Art and the Environment

As artists, we always like to think that our artwork is doing something to help. Whether it's for personal enjoyment or for the enticement of the general public, we never intend for our art to have a negative impact on anything. That being said, our drawings use paper and our sculptures call for metals and larger quantities of wood or rock. With new modern practices like neon, our artwork starts getting into chemicals and glass. Now with the emerge of 3D printed artwork, we start looking at plastics that are impossible for the world to break down in a natural setting. With all this in mind, it brings of the questions of, “Is the creation and making of art an environmentally friendly process?”
Since the dawn of art, artists have always called upon their surrounding environment to create artwork. Cavemen used animal blood in a more primitive way to honor the animals or to paint directions for hunting. As time goes on, man resorts to other materials for creation. Sculptures often made works of marble bronze, sometimes even dabbling in goldsmithing, while painters and drawers often relied on berries and soot with an egg mixed in for painting material. “Following a tradition begun in Stone Age cave painting, Italian Renaissance artists employed natural chalks made from mineral pigments for drawing. Excavated from the earth, then shaped into sticks with knives, these chalks were instantly ready for use. Red chalks, with their rich, warm hue, were very popular from about 1500 to 1900, as exemplified in works by famous Old Masters like da Vinci, Michelangelo, and Raphael.” (Pigments through the Ages)
In fact, it wasn't until 1841 that the metal paint tube was invented. Up until that point, the artist was pretty self sufficient with their paints, only creating/using the paint that they needed, when they needed it. The creation of paint tubes led to longer lasting paint which was easier to travel with and more readily accessible to the public. “As a result, the turn of the century saw the introduction of several new paints - pigments such as Mars reds (synthetic red ochre) chrome orange, and chrome yellow.” (Pigments through the Ages) Not only with this invention, but with the birth of the industrial era, every art form was revolutionized, and little thought was given to side effects that these products might bring. It was all about how to make things more practical and affordable for the ease of the artist. “Latex paint is recyclable, but oil-based paint is considered household hazardous waste (HHW) and should be disposed of at your local HHW facility. In most states, it is illegal to throw oil-based paints in the trash.” (Earth 911)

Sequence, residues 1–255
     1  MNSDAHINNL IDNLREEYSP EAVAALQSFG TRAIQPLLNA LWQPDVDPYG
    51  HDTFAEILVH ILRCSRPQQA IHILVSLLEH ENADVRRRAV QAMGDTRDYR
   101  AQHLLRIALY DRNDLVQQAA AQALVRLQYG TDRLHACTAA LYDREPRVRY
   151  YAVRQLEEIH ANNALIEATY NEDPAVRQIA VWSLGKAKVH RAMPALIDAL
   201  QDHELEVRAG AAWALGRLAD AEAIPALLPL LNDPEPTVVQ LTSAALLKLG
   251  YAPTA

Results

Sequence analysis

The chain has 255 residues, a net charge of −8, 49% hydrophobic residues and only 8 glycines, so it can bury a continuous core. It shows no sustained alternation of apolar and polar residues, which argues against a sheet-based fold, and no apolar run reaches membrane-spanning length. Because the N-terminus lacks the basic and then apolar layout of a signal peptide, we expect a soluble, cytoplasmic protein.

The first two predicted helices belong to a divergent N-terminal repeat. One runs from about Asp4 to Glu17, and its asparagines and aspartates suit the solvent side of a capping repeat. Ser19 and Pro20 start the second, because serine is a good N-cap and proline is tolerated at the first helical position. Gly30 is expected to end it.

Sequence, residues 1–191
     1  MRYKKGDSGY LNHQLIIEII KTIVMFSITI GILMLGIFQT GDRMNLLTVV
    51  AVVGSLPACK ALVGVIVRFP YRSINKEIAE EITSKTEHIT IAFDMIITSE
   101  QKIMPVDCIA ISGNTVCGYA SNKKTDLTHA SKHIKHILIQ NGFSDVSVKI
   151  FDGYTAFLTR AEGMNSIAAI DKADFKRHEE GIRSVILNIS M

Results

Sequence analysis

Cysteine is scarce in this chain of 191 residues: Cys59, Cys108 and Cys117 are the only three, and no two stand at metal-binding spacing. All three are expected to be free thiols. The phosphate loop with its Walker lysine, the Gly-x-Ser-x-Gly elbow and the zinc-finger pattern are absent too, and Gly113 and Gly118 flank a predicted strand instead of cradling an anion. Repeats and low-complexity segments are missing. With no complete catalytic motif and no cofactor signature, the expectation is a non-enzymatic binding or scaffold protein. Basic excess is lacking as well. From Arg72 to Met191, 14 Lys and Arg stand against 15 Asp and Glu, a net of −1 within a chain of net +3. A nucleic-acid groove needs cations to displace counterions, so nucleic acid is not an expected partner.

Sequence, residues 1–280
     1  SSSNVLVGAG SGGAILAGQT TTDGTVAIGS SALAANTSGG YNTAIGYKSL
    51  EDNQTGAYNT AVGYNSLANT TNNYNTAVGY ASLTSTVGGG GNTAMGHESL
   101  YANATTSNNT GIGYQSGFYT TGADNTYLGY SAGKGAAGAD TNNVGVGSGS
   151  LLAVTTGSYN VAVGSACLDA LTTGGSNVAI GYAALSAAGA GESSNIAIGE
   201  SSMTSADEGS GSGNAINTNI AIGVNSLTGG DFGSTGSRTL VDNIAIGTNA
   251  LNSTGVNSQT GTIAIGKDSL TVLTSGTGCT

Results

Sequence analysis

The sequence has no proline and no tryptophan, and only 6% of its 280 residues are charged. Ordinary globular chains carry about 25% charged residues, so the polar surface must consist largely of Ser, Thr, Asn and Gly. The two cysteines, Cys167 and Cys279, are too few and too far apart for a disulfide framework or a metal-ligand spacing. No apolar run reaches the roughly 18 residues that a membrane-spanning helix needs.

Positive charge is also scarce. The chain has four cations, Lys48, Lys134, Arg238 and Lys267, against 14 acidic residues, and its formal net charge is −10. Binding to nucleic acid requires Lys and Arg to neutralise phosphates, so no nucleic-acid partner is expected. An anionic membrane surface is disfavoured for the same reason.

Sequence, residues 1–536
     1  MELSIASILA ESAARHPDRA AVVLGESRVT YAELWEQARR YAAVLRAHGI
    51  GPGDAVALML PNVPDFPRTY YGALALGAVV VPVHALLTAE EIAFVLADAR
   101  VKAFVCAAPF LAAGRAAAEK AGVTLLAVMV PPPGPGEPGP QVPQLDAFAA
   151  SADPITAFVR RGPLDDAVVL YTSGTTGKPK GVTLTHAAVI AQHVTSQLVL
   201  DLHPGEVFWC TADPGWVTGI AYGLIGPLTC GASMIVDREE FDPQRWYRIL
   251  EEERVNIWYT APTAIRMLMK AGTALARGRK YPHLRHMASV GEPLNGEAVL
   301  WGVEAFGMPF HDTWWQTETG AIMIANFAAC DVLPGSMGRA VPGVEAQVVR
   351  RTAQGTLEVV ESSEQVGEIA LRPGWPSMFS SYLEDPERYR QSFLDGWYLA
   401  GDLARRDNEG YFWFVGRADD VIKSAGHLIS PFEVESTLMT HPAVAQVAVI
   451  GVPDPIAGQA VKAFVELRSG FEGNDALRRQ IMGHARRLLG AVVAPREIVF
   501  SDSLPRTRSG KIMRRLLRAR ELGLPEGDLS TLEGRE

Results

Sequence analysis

Now in modern art practice, most artists you'll speak too probably own a set of oil paints in tubes. With the art world population growing, that's just more paint, marble, bronze, paper, etc being used to create art. “ The United States produced about 20,700,000 tons of paper last year, which… [sic] means that 55 to 110 million trees were cut down” Every artist in every medium uses paper at some point for their work. Whether it be for preliminary sketches or poetry, at some point their is a draft created on paper for new and upcoming art pieces. It is at that point where the question of the sustainable art practices are brought up. Is the large consumption of paper in the art community harmful to rainforests? Is it ethical to continue to create beautiful oil paintings if it means that the paint tubes will end up becoming non-erodible waste?
Looking at the sculptural end of the spectrum, you begin to look at quarries where bronze and marble can be mined. “Underground mining has the potential for tunnel collapses and land subsidence (Betournay, 2011). It involves large-scale movements of waste rock and vegetation, similar to open pit mining. Additionally, like most traditional forms of mining, underground mining can release toxic compounds into the air and water. As water takes on harmful concentrations of minerals and heavy metals, it becomes a contaminant. This contaminated water can pollute the region surrounding the mine and beyond (Miranda, Blanco-Uribe Q., Hernandez, Ochoa G., & Yerena, 1998)”. (Future of Strategic National Resources)